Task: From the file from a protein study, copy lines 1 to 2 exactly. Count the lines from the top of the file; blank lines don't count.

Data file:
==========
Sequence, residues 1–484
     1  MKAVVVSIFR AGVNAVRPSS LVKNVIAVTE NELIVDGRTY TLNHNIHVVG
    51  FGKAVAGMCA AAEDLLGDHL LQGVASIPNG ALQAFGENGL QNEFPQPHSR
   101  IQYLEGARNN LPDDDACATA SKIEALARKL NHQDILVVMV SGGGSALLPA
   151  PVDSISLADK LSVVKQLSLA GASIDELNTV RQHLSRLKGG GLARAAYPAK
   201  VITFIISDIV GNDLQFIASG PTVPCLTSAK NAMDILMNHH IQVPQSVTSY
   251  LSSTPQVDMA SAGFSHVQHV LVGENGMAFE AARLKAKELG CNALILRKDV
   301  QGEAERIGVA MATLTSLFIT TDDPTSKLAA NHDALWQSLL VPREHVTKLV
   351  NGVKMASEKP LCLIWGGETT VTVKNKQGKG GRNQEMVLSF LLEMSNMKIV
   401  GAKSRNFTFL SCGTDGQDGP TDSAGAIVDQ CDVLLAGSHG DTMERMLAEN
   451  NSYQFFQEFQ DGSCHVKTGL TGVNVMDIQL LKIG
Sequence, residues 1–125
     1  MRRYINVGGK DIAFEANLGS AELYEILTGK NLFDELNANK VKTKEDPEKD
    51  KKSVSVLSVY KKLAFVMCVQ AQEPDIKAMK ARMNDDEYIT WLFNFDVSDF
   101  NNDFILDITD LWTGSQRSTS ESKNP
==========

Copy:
Sequence, residues 1–484
     1  MKAVVVSIFR AGVNAVRPSS LVKNVIAVTE NELIVDGRTY TLNHNIHVVG